Since 10pm last Thursday, when the exit poll predicting a hung parliament was announced, this country has existed in a state of uncertainty. The only thing we can be sure about is that our new, weak minority government will be lucky to limp along for five months, let alone a full five years - so while there is no certainty there is at least hope of change and possibility.
And then yesterday I attended a wedding. I had first met the bride while she was a student at Oxford, and I remember the great certainty with which she told me, soon after meeting, exactly what she was planning to do with her degree after graduation. But she must have known the certainty wasn't very deep, because not long after she joined the Samuel Group I was co-convening, and - with deep prayer and commitment - began to discern what God might want her to do after graduation, peacefully spending time in a place of not really knowing. What she went on to do after her degree was meant to be another step on the journey - but it became much more than that, especially at this was where she met her future husband.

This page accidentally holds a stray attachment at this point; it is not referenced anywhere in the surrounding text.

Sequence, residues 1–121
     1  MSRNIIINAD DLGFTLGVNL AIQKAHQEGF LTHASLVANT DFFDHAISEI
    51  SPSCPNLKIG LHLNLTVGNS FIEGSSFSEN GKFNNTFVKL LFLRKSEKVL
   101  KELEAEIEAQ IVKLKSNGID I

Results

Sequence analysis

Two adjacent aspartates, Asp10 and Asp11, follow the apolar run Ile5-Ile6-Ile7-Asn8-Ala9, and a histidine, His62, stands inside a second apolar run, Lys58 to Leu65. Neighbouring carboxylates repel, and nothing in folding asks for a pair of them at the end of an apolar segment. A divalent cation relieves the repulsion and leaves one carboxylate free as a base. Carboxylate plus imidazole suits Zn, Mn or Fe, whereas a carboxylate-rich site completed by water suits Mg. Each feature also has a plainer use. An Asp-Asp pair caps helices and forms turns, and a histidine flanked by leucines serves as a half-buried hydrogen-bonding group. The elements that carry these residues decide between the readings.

Yesterday, in Esther's radiance, I saw deep certainty. This was not the certainty of having all her plans and career mapped out - in fact, as they will soon be moving to a new city, there's plenty of uncertainty about her future home and job. Instead, I saw the certainty of a young woman who has found the one to whom she wishes to pledge her life and give her love, and for whom this feels so very, very right. And this - far more than careers or courses - is a sure foundation on which to build a future.
The love and joy abounding at the wedding was an excellent prelude to today's Feast of the Holy Trinity, in which we celebrate the unbounded love and the joy which are the Trinity's essence. This morning I saw a sonnet for Trinity Sunday by Malcolm Guite. In his preamble he wrote: If, as I believe, we are made in the image of God, as beings in communion with one another in the name of that Holy and Undivided Trinity whose being is communion, then we will find reflections and traces of the Trinitarian mystery in all our loving and making... and this was developed in the sonnet:
In Life, in Love, in co-inherent Grace...
In His own image, His imagination,
The Triune Poet makes us for His glory,
And makes us each the other’s inspiration.
Yesterday I witnessed two young people, made for God's glory and each other's inspiration, vowing to live in a loving communion in which they can increasingly become this inspiration of God for each other, and for all those around them. May they, and all of us, find reflections and traces of the Trinitarian mystery of love in all of life, especially in times and situations of uncertainty.